White gold (an alloy of gold with platinum, palladium, nickel, and/or zinc) serves as a substitute for platinum.


SILVER
Silver has long been valued as a precious metal and used in currency, ornaments, jewellery, and utensils (silverware) . The major use of silver is as a precious metal. Sterling silver is 92.5 % silver, alloyed usually with copper. Jewellery and silverware are traditionally made from this.


Silver is very ductile and malleable and only slightly harder than gold. It is used in medals and some high end musical instruments like the flute are made from sterling silver. It has the highest electrical conductivity of all metals, even higher than copper, but its greater cost has prevented it from being widely used in place of copper for electrical purposes. In India, sweets are decorated with a thin layer of silver. It is also used worldwide solely for external decoration, such as on chocolate confectionery.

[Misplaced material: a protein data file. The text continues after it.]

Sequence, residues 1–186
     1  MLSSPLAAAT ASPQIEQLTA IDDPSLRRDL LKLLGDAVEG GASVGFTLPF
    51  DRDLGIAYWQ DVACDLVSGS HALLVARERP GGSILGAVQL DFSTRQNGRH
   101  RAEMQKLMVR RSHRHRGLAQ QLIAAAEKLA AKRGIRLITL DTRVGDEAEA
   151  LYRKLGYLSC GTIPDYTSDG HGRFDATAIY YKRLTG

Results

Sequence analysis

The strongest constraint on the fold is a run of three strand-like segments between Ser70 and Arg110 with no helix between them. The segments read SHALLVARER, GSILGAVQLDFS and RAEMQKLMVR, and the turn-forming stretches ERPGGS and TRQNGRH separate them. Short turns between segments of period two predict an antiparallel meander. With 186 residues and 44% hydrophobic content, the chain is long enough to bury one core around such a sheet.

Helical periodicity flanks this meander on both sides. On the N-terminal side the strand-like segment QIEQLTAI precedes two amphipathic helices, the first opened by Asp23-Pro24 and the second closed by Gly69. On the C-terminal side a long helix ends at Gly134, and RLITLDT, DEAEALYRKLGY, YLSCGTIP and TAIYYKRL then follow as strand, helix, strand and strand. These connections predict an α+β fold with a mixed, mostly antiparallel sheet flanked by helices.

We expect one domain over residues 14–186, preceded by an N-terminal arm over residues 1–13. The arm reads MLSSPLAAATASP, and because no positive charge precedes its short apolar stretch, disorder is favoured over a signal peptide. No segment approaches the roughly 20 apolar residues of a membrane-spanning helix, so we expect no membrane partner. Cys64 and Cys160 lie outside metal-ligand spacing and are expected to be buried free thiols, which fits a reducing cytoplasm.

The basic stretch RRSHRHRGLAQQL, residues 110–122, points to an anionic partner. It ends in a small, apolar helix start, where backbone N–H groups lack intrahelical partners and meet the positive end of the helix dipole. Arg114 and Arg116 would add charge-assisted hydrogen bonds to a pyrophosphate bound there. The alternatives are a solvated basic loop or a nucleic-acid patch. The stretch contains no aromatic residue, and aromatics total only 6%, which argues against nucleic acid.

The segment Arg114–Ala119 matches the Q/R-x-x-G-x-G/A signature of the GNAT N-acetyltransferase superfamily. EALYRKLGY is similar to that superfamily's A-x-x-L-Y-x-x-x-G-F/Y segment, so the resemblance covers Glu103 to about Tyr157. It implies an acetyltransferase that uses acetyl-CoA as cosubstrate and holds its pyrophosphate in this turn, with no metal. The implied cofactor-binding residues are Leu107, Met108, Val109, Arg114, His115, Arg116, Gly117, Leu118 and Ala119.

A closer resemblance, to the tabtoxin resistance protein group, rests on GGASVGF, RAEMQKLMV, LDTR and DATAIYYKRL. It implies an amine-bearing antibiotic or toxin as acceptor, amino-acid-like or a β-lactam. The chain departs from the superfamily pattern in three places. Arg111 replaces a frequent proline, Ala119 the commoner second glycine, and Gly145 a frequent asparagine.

According to European folklore, silver was believed to be a repellant against vampires and werewolves. It was believed that these could only be killed by a weapon or bullet made of silver.

Silver is currently about 1/50th the price of gold.


EMERALD

The name Emerald originates from the Greek word smaragdos which meant green stone. Legend has it that emeralds protect the wearer from bad spirits and eye diseases.

Emeralds are usually valued between 7-8 on the Mohs scale. If one needs to put a price on the value of an emerald, the colour factor is of largest importance. The more intensive the green, the more valuable the stone. Fine emeralds in sizes over 2 carat are very rare.

The most precious emeralds come from Colombia.



SAPPHIRE
Blue like the colour of the sky, Sapphires have been used for centuries as talismans. It gets its name from the Latin word sapphirus, meaning blue.

In the Mohs scale the hardness of this mineral is evaluated exactly like the Ruby with 9. The more pure the blue of a natural sapphire is, the more precious it is considered. Stones, which are too dark or too pale, are not worth as much.

Sapphires are mostly blue, but there are also white, yellow, rose coloured and green sapphires. Large sapphires are rare.



A Women's Best Friend..
DIAMONDS